Grice based his co- operative principle on four sub- principles. Quality means, people should only say what they believe to be true and accurate without any addition to the meaning from them. Quantity means that the message being conveyed by the discourse should be comprehensive and holistic without any loopholes and confusions in it. Relation refers to the fact that our discourse needs to be in harmony to the context and should have relevance to the surroundings.
If not so, the entire message may not be communicated in its true letter and spirit. Flouting the Co-operative Principle. The co-operative principle helps the producers of discourse convey their information effectively. This principle is followed to a great extent but the intentions behind the production of discourse do matter.
For example, the principle of quality wants the producers of discourse to say what they want to be true. This violation of the co- operative principle is best done in the diplomatic circle of the world. Cross - Cultural Pragmatics and Discourse. In the global world of today the cross-cultural pragmatics is very important. When people say something, it carries different meanings in different culture. This is called cross-cultural pragmatics.
For example, once when I was teaching my Saudi students two years back, I wanted them to finish their assignment quickly. I snapped my fingers to tell them to be quick. There are two key notions in the area of cross- cultural pragmatics i-e pragmalinguistics the study of more linguistic end of pragmatics and sociolinguistics sociopragmatics refers to specific local conditions of language use.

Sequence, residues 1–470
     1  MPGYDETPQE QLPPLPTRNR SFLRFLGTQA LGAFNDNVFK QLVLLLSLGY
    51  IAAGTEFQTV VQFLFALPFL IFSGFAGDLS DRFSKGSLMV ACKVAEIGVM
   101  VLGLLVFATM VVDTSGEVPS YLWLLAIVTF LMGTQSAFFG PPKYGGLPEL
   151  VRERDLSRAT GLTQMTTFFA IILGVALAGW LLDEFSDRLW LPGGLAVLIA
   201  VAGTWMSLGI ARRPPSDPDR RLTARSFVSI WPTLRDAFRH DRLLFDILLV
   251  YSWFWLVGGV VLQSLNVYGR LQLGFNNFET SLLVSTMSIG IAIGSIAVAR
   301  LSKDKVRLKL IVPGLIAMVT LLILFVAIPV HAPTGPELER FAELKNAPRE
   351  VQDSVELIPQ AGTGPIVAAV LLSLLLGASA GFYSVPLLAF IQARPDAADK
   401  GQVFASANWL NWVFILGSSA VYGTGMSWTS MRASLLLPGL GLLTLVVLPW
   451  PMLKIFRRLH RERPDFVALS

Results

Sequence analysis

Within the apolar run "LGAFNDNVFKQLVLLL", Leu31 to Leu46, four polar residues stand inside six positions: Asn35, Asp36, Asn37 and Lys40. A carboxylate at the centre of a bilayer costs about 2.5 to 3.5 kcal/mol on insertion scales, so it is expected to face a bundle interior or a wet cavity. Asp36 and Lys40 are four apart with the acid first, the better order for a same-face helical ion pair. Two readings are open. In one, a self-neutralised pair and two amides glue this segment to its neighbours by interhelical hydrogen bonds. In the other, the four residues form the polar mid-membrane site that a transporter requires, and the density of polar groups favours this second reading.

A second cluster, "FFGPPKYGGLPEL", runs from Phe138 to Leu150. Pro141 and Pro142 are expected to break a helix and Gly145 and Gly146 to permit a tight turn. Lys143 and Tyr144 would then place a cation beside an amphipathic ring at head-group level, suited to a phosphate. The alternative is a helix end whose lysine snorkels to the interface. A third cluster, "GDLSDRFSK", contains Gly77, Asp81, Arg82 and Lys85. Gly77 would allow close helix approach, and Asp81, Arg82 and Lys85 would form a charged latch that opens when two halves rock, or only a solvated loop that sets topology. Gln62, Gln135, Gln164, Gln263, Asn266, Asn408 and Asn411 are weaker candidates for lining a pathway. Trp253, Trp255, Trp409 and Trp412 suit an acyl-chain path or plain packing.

Conversational Implicature and Discourse. According to Thomas, an implicature is generated intentionally by the speaker to make a listener do something which he may fail to understand. However, a listener in this case may not be able to understand that the speaker wants him to pick up the chalks. Inference, on the other hand, is produced by the hearer on the basis of certain evidence and may not in face be the same as what speakers intends.
Politeness, Face and Discourse. Politeness and face are two important factors for discourse analysis. Lakoff introduced three maxims of politeness. Face and Politeness across Cultures. Face and politeness varies from culture to culture.
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Discourse Analysis: An Introduction
Discourse Analysis : An Introduction. Brian Paltridge. This is the new edition of Discourse Analysis: An Introduction , an accessible and widely-used introduction to the analysis of discourse. In its 10 chapters the book examines different approaches to discourse, looking at discourse and society, discourse and pragmatics, discourse and genre, discourse and conversation, discourse grammar, corpus-based approaches to discourse and critical discourse analysis. The book includes the following features: -A full companion website, featuring student and lecturer resources -A new chapter on multimodal discourse analysis -Chapter summaries outlining the key areas covered -Updated examples drawn from film, television, the media and everyday life -Explanations of technical terms in each chapter -Discussion tasks and data analysis projects at the end of each chapter -Student exercises and answer keys for each chapter-Suggestions for further reading This engagingly written introduction to discourse analysis is essential for students encountering discourse analysis for the first time, whether at undergraduate or postgraduate level. It should be on every reading list. Answers to the Exercises.